The ‘Did you feel it?’ form interface is easy to use. Ideally citizens reporting earthquake events in the United States will know their ZIP code. Citizens from outside the USA can submit observations with their coordinates in longitude latitude. The form is mostly drop-down list based asking for feedback on: Your situation when the earthquake occurred, Your experience of the earthquake (shaking strength, duration, reaction), earthquake effects (sounds, damage to free standing objects, etc), damage to buildings, etc. Because DYFI appeals to people in this way the DYFI data make up in quantity what they may lack in scientific quality and offer the potential to resolve longstanding issues in earthquake ground-motion science. Such issues have been difficult to address due to the paucity of instrumental ground-motion data in regions of low seismicity (Atkinson and Wald, 2007). Prior to this system, intensity maps were rarely made for U.S. earthquakes of magnitude less than about 5.5; now intensities as low as magnitude 2.0. are routinely reported for the smallest felt earthquakes nationwide (Atkinson and Wald, 2007). Upon feeling earthquake activity, must logon to the DYFI website and submit their observation. The intensity of the earthquake they have just felt is quantified using the Modified Mercalli Intensity (MMI) scale is used. MMI measures the intensity of ground motions from the perspective of human and structural response on a qualitative scale from 1 (not felt) to 10 (very heavy damage) or sometimes 12 (total destruction), based on descriptions such as “felt indoors” (MMI = 3) to “felt by all, windows, dishes, glassware broken, weak plaster cracked” (MMI = 6) to “some structures with complete collapse” (MMI = 9). The MMI allows anyone to report activity. There is no need for the citizen to have experience in seismology. This citizen reporting allows the USGS to continue to learn and understand more about earthquake activity. In addition the USGS can then use this knowledge to inform emergency response planning efforts and budgets for modelling disaster relief (Brabham, 2013).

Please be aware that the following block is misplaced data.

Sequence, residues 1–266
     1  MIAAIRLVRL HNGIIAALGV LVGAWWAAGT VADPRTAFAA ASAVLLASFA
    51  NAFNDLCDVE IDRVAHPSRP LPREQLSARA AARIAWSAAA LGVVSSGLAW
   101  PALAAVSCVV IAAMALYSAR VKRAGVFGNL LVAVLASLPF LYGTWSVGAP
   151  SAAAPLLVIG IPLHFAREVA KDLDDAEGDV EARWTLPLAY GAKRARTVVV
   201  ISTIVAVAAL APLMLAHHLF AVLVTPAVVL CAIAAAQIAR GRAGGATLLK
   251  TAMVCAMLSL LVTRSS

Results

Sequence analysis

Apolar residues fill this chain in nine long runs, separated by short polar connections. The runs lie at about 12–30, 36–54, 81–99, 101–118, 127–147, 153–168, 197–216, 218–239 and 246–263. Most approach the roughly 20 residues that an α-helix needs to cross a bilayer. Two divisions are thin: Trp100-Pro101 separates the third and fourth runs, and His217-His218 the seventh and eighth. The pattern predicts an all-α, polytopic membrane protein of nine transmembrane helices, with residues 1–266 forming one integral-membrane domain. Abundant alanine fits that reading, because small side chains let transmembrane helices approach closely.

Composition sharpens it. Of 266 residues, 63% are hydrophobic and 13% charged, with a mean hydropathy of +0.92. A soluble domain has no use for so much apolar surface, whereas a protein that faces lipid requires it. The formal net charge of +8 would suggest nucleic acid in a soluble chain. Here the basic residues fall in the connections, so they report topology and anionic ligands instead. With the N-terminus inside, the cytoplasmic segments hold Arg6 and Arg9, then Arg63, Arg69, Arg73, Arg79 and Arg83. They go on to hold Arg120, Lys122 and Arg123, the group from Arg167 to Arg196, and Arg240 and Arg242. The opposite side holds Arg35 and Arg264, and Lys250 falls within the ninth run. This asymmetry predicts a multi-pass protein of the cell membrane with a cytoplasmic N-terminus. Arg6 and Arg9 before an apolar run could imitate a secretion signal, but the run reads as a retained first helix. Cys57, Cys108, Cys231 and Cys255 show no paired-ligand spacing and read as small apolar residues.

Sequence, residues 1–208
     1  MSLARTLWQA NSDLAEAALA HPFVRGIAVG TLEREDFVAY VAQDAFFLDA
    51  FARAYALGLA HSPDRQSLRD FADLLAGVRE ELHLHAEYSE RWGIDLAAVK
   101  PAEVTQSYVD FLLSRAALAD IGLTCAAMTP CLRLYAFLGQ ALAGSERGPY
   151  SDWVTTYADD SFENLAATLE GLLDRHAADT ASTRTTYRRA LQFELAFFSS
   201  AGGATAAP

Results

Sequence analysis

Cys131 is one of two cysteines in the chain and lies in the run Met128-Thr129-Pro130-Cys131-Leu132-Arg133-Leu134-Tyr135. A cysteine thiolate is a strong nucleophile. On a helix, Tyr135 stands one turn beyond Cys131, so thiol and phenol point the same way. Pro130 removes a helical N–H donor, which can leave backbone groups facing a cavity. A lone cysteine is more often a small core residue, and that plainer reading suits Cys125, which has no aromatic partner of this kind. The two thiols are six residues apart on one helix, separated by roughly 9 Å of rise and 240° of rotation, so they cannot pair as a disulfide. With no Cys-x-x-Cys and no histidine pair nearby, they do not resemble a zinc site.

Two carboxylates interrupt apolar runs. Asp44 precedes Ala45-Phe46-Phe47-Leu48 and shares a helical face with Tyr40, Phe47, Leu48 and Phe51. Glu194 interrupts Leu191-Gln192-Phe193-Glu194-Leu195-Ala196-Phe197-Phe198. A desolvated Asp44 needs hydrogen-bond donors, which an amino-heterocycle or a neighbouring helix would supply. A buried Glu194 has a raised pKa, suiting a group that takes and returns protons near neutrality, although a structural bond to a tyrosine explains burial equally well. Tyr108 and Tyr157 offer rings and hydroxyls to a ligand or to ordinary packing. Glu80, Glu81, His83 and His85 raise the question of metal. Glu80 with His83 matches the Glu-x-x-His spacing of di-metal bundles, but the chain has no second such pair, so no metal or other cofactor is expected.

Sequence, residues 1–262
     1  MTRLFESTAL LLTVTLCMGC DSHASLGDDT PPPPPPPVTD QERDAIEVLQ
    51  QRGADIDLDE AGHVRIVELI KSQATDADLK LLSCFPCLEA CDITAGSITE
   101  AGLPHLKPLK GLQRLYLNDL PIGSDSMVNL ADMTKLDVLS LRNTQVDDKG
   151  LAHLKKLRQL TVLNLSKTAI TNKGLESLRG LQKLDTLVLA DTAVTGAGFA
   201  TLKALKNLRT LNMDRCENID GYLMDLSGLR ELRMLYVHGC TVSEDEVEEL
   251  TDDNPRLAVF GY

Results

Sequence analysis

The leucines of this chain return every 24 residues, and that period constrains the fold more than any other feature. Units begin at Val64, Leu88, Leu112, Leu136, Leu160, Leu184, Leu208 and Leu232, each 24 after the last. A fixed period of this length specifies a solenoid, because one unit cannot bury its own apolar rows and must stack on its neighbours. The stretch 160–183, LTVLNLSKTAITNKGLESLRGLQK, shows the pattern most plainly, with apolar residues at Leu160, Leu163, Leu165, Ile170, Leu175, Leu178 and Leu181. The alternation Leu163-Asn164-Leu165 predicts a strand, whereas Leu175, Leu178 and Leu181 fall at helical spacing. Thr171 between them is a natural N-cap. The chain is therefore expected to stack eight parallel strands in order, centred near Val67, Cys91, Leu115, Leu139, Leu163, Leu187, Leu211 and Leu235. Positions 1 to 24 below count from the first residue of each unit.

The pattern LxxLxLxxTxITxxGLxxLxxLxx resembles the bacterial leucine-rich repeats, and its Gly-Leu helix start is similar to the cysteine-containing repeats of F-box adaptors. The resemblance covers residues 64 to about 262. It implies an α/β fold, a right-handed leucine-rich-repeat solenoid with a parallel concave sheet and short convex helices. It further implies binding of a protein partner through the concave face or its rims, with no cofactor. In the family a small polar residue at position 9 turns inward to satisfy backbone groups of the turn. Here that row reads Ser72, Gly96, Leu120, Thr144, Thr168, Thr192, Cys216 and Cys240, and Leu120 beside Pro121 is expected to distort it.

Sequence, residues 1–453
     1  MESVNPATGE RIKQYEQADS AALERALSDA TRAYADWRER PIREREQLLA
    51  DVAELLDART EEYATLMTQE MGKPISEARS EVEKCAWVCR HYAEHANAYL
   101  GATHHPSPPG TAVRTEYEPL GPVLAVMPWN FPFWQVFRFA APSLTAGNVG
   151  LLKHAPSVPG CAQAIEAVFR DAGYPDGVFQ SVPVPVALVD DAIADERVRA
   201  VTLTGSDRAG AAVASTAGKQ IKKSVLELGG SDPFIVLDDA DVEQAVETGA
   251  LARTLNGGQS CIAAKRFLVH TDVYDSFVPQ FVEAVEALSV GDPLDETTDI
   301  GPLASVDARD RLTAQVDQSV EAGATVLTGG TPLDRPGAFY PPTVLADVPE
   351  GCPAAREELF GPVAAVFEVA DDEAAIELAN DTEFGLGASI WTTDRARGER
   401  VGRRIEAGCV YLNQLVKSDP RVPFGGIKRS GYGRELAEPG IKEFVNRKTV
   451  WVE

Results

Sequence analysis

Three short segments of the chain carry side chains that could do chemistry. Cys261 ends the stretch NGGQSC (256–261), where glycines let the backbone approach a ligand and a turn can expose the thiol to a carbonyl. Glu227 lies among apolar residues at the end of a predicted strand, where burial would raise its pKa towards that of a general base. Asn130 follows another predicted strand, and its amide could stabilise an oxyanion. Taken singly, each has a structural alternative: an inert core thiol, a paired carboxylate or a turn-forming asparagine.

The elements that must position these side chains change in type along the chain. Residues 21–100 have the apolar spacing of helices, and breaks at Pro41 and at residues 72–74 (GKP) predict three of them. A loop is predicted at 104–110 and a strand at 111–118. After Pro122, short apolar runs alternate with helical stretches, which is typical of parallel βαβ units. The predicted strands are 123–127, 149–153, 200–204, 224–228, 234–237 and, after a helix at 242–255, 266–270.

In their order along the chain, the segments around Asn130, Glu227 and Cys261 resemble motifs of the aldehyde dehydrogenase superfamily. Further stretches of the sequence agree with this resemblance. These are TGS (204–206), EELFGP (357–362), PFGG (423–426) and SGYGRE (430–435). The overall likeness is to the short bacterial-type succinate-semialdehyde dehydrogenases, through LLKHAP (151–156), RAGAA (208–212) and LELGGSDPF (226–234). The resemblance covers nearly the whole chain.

The vast amount of new data on earthquake ground motions and effects being collected from online citizen responses with the DYFI program offers a valuable new data resource for both qualitative and quantitative earthquake studies and has the potential to address some longstanding controversies in earthquake science. There are some negative aspects to ‘Did you feel it?’. Despite their significant value to emergency responders, the subjective observations of untrained citizens are only a qualitative indicator of the effects of an earthquake. Moreover, the effectiveness of DYFI based maps may be greatly hampered by the speed at which people report critical information during crises.

Main Lessons

  • QA/QC: The website application filters out erroneous responses the website states that the best filter is to have multiple responses per zip code to give a reliable average of the shaking over the area. “The wisdom of the crowd usually outweighs individual eccentricities”. The USGS reserve the right to manually exclude any responses they deem inappropriate or unnaturally high.
  • For rapid response to earthquakes  zip codes are preferable as the locational information provided. The DYFI website states that almost everyone knows immediately which zip code they are in, whereas few people know their latitude and longitude (and especially not to the needed precision that DYFI requires). They estimate that approximately 5-10% of respondents do not leave their address and there are correspondingly fewer responses on a geocode map vs. a zip code map.
  • The input form is very easy to use and avoids use of seismology terminology.
  • Atkinson and Wald (2007) indicate that the data collected from DYFI are very valuable. Their analyses of the DYFI data show this data as being extremely useful for rapid post-earthquake information and “they are also robust and of surprisingly high utility”. The data collected offers the potential to not only describe ground-motion effects qualitatively but to be used in quantitative scientific studies. The authors state that “the key to the usefulness of the data is simply this: they make up in quantity what they may lack in quality. Because there are so many responses, stable statistics on average effects are produced, illuminating ground-motion trends and allowing effective correlation and calibration with more-quantitative ground-motion measures”.

Reference Materials

Atkinson, G. M., and D. J. Wald (2007) “Did You Feel It?” intensity data: A surprisingly good measure of earthquake ground motion  Seism. Res. Lett. 78, 362-368

Brabham, D., 2013. Using Crowdsourcing in Government, Collaboration Across Boundaries. IBM Center for The Business of Government.